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# RE: Increase of f'c over time

• To: "'seaint(--nospam--at)seaint.org'" <seaint(--nospam--at)seaint.org>
• Subject: RE: Increase of f'c over time
• Date: Thu, 20 Dec 2001 15:54:52 -0800

```George,

fr = 7.5 (f'c)^.5

Doesn't give you double the tension capacity just because the compression
capacity has doubled. How far off are you? In your example, 3000 psi
concrete that is actually 6000 psi concrete only gives you a 41% increase in
the modulus of rupture (Tension Capacity) calculation for plain concrete.

Otherwise, core a random sample if you can find where the CJ's are and do
some compression tests.

-gerard
SJ, CA

-----Original Message-----
From: Barclay, George [mailto:GBarclay(--nospam--at)lgt.lg.com]
Sent: Thursday, December 20, 2001 3:35 PM
To: 'seaint(--nospam--at)seaint.org'
Subject: Increase of f'c over time

Gentlemen,

I am performing a job that involves the capacity of structural plain
concrete.  The new (heavy equipment) demand exceeds the flexural capacity of
the member using the original concrete strength given in the 1960
construction documents.  The client obviously wants to avoid modification of
the structure.  He has good reasons which I will not go into here, for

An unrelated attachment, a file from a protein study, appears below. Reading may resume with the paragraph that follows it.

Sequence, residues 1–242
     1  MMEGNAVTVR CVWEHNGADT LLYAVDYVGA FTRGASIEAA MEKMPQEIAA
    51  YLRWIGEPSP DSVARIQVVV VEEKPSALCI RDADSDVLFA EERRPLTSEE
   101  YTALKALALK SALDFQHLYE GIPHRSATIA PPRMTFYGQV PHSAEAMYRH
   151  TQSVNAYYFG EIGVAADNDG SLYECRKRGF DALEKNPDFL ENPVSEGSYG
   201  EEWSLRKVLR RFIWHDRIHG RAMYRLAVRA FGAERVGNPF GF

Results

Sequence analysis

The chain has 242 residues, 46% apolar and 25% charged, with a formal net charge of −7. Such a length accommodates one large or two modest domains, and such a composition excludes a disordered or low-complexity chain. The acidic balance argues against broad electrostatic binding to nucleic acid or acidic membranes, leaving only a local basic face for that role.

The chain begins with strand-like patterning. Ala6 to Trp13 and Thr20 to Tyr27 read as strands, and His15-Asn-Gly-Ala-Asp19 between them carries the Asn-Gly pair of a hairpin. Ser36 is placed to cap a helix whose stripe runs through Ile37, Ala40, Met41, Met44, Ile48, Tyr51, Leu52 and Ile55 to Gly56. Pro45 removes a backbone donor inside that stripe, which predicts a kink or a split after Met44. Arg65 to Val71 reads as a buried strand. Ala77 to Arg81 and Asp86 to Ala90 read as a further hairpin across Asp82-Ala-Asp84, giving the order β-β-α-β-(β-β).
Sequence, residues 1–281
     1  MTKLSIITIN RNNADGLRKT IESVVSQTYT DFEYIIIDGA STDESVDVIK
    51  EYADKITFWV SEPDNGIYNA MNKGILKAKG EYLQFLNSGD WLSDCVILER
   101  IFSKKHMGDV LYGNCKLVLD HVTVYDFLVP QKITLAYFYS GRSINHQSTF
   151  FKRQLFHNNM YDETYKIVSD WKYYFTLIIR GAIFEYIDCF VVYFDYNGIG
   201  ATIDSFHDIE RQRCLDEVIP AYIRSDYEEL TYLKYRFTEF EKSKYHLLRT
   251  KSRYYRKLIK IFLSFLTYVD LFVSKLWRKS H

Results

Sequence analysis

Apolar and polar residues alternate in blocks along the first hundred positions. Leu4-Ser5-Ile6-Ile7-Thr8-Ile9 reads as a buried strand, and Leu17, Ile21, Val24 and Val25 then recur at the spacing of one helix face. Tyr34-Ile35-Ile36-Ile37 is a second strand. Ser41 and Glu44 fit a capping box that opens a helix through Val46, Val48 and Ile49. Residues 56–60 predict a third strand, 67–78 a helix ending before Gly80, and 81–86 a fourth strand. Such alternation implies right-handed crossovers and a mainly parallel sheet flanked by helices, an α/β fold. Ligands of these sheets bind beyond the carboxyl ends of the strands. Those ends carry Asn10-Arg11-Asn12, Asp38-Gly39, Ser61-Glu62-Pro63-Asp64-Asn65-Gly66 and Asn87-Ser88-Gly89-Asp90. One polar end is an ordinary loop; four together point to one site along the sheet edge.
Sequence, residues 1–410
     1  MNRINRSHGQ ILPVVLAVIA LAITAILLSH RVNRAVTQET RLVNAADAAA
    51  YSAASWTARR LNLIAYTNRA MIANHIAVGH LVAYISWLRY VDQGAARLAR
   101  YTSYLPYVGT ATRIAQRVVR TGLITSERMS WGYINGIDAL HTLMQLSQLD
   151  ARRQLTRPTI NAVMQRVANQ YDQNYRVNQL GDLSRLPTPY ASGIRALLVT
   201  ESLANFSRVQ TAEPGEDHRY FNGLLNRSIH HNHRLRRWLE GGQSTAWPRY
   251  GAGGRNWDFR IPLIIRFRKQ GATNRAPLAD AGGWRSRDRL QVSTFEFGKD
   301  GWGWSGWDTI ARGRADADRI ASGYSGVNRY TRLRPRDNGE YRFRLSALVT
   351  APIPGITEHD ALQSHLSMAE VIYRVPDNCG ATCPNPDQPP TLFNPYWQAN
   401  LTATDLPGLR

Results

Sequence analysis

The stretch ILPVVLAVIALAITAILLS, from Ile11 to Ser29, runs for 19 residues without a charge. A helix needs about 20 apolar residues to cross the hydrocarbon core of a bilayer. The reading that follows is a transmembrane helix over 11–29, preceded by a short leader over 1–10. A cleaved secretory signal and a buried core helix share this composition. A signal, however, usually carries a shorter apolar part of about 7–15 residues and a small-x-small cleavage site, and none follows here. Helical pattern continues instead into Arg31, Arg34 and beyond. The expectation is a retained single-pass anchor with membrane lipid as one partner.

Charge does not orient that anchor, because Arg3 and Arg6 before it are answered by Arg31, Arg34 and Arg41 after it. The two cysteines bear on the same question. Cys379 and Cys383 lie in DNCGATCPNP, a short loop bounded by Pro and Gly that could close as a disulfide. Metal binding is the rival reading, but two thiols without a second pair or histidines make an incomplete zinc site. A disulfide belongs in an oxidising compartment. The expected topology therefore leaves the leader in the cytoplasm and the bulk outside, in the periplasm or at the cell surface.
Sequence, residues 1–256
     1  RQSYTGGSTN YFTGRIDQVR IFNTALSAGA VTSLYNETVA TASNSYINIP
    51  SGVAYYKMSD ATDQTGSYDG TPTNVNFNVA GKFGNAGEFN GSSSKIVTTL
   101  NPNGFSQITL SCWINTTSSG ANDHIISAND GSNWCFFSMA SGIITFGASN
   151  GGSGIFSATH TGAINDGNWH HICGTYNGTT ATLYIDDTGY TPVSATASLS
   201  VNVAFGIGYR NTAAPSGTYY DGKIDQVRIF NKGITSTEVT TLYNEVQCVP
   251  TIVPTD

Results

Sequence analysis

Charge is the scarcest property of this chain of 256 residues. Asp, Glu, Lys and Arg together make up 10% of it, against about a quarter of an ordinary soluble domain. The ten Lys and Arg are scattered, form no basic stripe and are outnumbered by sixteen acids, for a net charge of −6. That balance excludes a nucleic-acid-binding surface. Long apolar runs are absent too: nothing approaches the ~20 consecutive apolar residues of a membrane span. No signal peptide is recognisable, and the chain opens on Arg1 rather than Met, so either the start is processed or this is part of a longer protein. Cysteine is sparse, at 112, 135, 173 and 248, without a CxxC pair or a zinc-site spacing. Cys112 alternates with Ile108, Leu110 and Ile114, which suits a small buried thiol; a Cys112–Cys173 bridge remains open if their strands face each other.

length of the discussion.  I know that concrete strength increases over
time.  I spoke with one of my grad school professors from whom I originally
heard of this increase.  He said that he wouldn't be surprised if the
strength of the concrete had as much as doubled over that amount of time.

I passed this along to my client, but tempered it with the statement that I
would not want to count on a doubling of strength from 3000 psi to 6000 psi.
I told him that there is a good chance that the concrete was something over
3000 when it was originally poured.  (Most of the break strengths that I've
seen in my 9 years are somewhat over the required f'c in the design
documents)  I told him that this fact, plus the strength increase might get
us to as much as 5000 psi.  We decided to use this in the evaluation
calculations, but I told him that my report would state that this strength
would have to be documented by testing prior to his new equipment being
placed.

The analysis is complete and the structure's capacity is now adequate, but
now my client would like to see a study or some type of documentation of
this strength increase phenomenon before he commits to the placing of the
new equipment to his superiors.  Does anyone know of such a documented
study?

Thanks,
George Barclay

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